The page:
July 6, 2015, by Emma Lowry
Driver-less trains, dancing ‘lions’ and degree processions: my Malaysian memories….
Emeritus Professor Brian Clayton was the second CEO and Vice President of the University of Nottingham in Malaysia. After many years in the School of Engineering and a four-year term as Pro Vice-Chancellor, he was just two years off retirement when he agreed to take up the post in Kuala Lumpur (KL) in 2001. Brian flew out just two days after the 9/11 terrorist attacks and remembers a very tense and empty flight to KL on which no one was allowed even hand luggage in the cabin.
From 2001 to 2003, Brian ran the branch campus from main offices in Kuala Lumpur; the Semenyih campus was yet to be built. He, and wife Sonia, maintained a long-distance relationship during his tenure, with her visiting for three-months at a time on a tourist visa. They made life-long friends and many memories in those years. Here he shares with us photographs that reflect key moments.
Above is the degree programme from 2002, which was the first year the ceremony was held. It was mainly MBA students who were processing and one or two who sat final exams at Nottingham but preferred to have their degree presented in Malaysia, so it was a small group. However, with almost 450 students that was still more than double the number in 2001. At the ceremony, the British High commissioner, His Excellency Mr Bruce Cleghorn presented a replica vase representing the Queen’s Award for Enterprise in International trade, which the University received in 2001, in substantial part for setting up the Malaysia campus.
Here I am giving my address as CEO and Vice President of the Malaysia branch campus at the degree congregation in January 2003. The event was held at the Prince Hotel, which had just opened adjacent to the University (the progress of which had been followed with much interest by our staff). I talked about the developments that year, including accreditation for our engineering and MBA programmes and our expectations to grow to 750 students by 2004. A highlight of 2002 was the ‘ground breaking’ ceremony which took place at the old palm oil plantation in Semenyih to mark the start of building works for the new campus. “We all have our own memories of many distinguished guests, including the Malaysian Minister of Defence, wearing brightly-coloured, ill-fitting hard hats, with varying degrees of discomfort,” I revealed in my speech.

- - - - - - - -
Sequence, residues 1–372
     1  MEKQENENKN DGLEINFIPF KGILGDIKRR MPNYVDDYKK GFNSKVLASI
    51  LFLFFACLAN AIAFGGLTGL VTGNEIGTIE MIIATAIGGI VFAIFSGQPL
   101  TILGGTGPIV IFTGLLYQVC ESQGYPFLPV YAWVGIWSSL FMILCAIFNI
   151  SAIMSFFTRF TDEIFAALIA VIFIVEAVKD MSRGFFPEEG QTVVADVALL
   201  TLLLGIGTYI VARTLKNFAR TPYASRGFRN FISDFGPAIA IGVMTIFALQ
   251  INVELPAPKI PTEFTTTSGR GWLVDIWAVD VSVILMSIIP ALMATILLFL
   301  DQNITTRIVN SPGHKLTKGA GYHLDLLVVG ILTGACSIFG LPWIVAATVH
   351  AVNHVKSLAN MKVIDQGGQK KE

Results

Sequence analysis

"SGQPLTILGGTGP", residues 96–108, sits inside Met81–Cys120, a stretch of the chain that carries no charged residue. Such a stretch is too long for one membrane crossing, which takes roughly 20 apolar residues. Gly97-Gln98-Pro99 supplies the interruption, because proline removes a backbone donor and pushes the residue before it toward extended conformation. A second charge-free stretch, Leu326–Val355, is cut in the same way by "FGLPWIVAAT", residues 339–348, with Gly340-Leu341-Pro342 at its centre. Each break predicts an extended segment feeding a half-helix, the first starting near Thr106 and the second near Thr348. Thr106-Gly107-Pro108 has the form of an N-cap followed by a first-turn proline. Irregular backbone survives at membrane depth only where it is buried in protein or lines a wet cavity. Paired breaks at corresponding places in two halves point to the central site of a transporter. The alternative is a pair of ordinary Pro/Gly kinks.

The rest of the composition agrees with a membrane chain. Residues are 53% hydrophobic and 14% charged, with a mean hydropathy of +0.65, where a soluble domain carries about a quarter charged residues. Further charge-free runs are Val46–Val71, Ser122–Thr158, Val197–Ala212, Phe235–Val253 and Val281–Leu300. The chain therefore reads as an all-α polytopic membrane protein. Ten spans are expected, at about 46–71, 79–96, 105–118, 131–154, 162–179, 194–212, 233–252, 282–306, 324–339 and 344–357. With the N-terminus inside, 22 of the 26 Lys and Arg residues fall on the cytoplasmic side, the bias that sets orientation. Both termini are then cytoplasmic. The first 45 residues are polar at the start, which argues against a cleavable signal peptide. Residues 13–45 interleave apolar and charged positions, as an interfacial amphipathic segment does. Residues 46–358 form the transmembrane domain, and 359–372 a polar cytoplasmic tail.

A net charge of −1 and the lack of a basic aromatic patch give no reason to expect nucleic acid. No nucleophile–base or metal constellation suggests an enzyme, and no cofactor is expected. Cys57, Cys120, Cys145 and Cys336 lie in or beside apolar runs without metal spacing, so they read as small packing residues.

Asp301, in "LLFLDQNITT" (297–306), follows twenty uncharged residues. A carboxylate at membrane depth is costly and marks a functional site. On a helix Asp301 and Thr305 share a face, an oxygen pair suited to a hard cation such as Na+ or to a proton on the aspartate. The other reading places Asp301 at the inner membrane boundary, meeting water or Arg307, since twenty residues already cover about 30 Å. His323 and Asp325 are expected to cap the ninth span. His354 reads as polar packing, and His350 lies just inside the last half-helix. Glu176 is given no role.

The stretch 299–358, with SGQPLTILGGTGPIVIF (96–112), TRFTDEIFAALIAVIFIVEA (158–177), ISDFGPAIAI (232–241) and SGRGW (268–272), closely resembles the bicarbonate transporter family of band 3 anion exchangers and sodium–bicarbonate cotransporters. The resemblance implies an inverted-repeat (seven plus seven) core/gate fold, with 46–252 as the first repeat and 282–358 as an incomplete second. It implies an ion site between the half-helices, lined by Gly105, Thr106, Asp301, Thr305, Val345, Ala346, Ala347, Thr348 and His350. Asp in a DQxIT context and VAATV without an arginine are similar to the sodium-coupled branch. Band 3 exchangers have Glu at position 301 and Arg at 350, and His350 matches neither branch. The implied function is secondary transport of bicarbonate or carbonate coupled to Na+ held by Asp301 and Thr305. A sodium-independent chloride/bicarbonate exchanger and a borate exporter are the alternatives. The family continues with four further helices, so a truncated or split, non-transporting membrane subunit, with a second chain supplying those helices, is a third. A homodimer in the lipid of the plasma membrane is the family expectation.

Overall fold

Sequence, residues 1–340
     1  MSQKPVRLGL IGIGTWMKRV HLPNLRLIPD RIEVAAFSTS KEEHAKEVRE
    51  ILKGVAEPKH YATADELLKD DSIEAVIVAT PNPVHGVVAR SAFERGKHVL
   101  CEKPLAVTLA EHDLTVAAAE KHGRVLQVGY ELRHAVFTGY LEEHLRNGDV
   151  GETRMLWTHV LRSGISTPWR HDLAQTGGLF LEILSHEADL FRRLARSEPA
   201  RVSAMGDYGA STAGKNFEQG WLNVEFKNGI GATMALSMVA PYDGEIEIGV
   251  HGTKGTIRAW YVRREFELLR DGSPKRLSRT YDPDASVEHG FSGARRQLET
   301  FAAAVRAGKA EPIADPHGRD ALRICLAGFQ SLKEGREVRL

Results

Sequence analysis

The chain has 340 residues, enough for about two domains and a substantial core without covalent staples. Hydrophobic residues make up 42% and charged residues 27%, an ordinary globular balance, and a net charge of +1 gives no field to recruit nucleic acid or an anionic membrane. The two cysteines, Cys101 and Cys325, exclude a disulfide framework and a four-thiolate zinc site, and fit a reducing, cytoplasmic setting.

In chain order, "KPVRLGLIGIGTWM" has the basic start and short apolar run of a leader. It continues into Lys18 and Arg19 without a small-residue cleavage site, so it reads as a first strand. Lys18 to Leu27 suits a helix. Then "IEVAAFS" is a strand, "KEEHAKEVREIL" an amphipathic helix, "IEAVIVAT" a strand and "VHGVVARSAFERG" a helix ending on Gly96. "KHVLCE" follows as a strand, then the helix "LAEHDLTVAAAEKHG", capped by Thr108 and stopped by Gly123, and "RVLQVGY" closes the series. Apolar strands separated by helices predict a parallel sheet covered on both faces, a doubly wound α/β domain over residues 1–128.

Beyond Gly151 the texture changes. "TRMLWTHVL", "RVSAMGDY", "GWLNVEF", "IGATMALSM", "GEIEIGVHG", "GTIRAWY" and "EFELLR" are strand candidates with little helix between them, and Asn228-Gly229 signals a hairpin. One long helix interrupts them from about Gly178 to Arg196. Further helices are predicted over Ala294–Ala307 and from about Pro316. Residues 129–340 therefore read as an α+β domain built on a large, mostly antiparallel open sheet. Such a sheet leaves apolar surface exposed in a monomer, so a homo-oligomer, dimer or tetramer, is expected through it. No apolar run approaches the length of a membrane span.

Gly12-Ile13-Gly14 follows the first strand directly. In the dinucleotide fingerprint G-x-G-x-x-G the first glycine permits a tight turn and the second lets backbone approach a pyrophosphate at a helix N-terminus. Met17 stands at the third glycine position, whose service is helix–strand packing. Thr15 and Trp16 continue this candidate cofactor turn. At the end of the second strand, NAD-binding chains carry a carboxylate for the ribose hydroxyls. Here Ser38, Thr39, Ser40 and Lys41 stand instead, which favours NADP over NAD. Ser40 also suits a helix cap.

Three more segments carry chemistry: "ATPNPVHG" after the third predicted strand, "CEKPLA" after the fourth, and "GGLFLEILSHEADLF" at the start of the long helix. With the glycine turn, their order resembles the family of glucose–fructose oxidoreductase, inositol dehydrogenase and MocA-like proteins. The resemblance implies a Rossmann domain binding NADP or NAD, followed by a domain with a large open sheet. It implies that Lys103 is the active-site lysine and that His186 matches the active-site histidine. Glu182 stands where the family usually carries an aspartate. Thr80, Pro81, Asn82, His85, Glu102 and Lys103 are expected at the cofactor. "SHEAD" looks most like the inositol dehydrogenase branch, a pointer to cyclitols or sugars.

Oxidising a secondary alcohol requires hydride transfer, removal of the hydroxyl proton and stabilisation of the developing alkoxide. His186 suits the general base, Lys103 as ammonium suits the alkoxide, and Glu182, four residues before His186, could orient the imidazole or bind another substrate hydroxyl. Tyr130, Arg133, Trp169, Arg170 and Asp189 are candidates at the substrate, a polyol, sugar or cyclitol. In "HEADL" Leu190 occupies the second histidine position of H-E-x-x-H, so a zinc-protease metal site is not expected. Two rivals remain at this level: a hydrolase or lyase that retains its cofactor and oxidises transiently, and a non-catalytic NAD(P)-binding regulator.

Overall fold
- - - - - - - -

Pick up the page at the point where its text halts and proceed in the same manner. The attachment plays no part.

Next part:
The platform party for the 2003 Degree Ceremony is shown in the photograph above. The front row from left to right is; Professor Douglas Tallack (PVC Student Affairs), myself; Vice Chancellor, Sir Colin Campbell; Chancellor Professor Fujia Yang, YM Tengku Tan Sri Dato’ Seri Ahmad Rithauddeen Bin Tengku Ismail (Chairman of the Board of Directors), Paul Boardman (Senior Administrator/Registrar) and Professor David Morris (Head of Business Division).